Editor’s note: This post is part of a summer-long series, The Sociology of Trump. Every Friday RI Future will feature an essay written by a Brown University sociology student on an aspect of Trumpism. Read the introduction: Culture, power, and social change in the time of Trump.
“The New York Times published this week a ‘definitive list’ of Trump’s lies. Dissecting the causes, conditions and consequences of this Trump culture of ‘alternative facts’ drove much of our introductory sociology class discussion in the spring of 2017. Referencing Russian and Turkish transformations, Mira Ortegon explores how the pervasiveness of the lie in post-truth politics affects our capacities for democratic self-governance and considers ways to move beyond it.” – Michael Kennedy, professor of Sociology and International and Public Affairs, Brown University.
Oxford Dictionaries chose “post-truth” as the 2016 Word of the Year around the time of the November election. “Post-truth” is defined as “relating to or denoting circumstances in which objective facts are less influential in shaping public opinion than appeals to emotion and personal belief.” (1)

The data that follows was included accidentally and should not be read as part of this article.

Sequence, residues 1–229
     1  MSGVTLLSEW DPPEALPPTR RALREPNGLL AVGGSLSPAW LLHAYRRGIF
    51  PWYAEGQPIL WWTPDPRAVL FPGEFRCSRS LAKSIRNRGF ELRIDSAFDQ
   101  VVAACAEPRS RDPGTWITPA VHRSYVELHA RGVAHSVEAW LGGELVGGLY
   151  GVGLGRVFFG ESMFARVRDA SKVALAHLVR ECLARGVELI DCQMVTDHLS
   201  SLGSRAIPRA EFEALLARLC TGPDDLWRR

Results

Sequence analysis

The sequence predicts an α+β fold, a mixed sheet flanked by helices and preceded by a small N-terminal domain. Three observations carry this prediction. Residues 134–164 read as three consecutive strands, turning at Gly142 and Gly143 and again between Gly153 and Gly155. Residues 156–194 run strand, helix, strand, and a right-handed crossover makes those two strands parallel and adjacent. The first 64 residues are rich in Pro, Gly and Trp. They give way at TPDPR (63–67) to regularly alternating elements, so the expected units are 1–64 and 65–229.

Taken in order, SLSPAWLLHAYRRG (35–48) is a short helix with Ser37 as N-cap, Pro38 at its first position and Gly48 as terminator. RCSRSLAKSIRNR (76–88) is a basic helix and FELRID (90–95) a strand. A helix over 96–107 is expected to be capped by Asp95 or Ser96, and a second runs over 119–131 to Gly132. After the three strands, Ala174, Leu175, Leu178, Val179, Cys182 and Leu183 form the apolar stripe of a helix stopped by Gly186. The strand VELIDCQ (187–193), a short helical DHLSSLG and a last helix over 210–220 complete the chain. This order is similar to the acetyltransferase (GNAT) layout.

Reportedly, the word was first used in 1992, but Oxford Dictionaries claims to have seen a 2,000 percent increase in usage from 2015 to 2016, and attributes its rise in popularity to events like the Brexit vote and Trump’s election. (2) While post-truth politics are not an entirely new phenomenon, a leader successfully utilizing post-truth tactics to come into power is a novel occurrence in America. Donald Trump fills the role of a post-truth politician, relying on a community with which his anger and subjective message resonate. In order to understand the times we live in, it is crucial to analyze how Trump fits into a historical context of manipulating truth, the ways in which this gains him power, the sustainability of this power, and the possible implications of a post-truth America.
While the usage of the word “post-truth” has exploded in the last year, the tactics involved in post-truth politics are not necessarily new. Autocrats such as Vladimir Putin in Russia and Recep Tayyip Erdogan in Turkey have taken control of the populus and changed the political landscapes in their countries with the help of post-truth politics. Ece Temelkuran gives a chilling warning to the United States and the United Kingdom of what has transpired in Turkey in the last 15 years with Erdogan’s rise to authoritarian rule. It started with intellectuals and the media wondering if they were out of touch with the common, everyday person. This generated an us vs. them complex that sparked a movement to expel the ‘elites’ from the process of ‘building’ truth. Temelkuran urges Americans and the British to be aware of these repeating patterns before it is too late. (3) While Turkey has transformed into autocracy, it is not too late for us to salvage democracy–as long as we work to disarm post-truth politics.